Police tasered, kicked 13-year-old in head during Napier arrest

Police say they accept the findings.
Police say they accept the findings. Photo credit: NZ Police.

A 13-year-old boy was tasered and kicked in the head with "unjustified force" during his arrest in Napier, an investigation has found. 

In January 2019 police chased a stolen car through Napier for almost half an hour before road spikes stopped the car. The boy, a passenger in the vehicle, jumped out and ran away.

He then turned to face police, holding a hammer in his hand and acting aggressively. 

Police attempted to taser him but when it didn't work they tackled him.

Police say the boy was "yanked" onto the ground by three officers and arrested. Two officers held him down, one pinning his head to the ground by kneeling on it while a third stood beside him. 

Witnesses said they saw one of the officers kicking him in the head while he was restrained on the ground.

There was confusion over which officer kicked him. 

A medical examination of the boy's injuries showed he had "extensive damage" to his face from it being "whacked against concrete".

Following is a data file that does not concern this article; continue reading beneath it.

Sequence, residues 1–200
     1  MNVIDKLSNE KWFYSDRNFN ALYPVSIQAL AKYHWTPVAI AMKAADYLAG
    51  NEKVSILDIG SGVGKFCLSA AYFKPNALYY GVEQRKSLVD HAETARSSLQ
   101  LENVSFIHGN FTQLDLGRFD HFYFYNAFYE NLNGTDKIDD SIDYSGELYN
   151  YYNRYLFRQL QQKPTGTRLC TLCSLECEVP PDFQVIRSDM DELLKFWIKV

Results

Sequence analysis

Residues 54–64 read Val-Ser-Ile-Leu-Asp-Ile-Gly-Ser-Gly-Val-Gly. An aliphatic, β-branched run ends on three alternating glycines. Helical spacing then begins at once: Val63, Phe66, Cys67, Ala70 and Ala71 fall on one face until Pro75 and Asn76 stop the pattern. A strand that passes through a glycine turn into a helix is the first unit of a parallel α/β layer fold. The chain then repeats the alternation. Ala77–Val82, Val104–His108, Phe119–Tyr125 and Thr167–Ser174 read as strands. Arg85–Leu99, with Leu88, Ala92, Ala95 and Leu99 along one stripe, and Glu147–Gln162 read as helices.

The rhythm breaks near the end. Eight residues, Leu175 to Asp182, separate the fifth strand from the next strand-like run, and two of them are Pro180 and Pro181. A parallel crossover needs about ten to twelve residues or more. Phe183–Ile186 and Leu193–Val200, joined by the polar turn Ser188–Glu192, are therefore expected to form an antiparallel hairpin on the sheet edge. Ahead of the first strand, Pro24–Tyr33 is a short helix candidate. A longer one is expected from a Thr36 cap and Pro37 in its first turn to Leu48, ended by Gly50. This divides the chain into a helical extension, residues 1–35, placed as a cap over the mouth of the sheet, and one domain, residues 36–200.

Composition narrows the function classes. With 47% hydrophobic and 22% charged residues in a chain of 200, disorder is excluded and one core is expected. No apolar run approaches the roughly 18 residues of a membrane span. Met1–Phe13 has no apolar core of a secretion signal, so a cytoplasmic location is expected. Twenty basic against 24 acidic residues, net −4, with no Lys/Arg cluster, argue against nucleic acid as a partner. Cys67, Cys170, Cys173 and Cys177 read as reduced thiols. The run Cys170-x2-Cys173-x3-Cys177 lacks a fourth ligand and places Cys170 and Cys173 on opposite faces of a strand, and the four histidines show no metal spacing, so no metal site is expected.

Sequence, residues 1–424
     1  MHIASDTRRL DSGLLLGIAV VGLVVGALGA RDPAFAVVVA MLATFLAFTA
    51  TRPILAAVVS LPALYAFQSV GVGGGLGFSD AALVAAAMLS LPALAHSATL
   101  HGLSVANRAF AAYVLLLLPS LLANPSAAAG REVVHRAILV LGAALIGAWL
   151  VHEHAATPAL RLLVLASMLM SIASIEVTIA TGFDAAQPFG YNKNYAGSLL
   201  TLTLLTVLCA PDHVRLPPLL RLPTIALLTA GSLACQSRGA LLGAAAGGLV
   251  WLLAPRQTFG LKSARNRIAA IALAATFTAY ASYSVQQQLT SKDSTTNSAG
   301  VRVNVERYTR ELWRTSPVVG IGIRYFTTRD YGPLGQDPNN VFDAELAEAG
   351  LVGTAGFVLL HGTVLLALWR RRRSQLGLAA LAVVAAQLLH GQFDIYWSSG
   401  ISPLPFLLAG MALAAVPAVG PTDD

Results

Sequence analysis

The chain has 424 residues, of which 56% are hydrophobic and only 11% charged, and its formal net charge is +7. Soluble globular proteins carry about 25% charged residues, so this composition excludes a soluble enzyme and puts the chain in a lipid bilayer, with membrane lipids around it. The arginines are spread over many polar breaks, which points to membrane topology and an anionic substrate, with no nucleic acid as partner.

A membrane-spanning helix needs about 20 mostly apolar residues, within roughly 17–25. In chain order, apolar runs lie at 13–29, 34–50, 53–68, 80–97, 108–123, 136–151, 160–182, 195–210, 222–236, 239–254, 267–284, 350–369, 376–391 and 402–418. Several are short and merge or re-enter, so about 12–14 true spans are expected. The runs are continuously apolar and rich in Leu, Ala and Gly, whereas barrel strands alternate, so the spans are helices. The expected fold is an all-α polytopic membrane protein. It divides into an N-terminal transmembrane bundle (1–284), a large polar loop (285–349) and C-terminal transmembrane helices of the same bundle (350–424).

The boy told the Independent Police Conduct Authority (IPCA) he felt an officer "kicking my head into the ground... like stomping on my head, kicking my head, stomping on my back". 

All three officers involved in the arrest vehemently deny kicking or punching the teenager.

"However it is clear to the Authority that an officer did kick him," reads the IPCA report.

"While there are differences in the exact sequence of events and attribution of the kicker the Authority prefers the evidence of [the boy] and [the witness] that [the boy] was kicked."

Police say they accept the findings of the investigation.

"Police come to work every day to keep the community safe, and are often required to make decisions to ensure that safety for the public and for our people," said Inspector Jeanette Park the Hawke's Bay Area Commander.

"Following this incident, our staff were debriefed, and lessons learned have been implemented."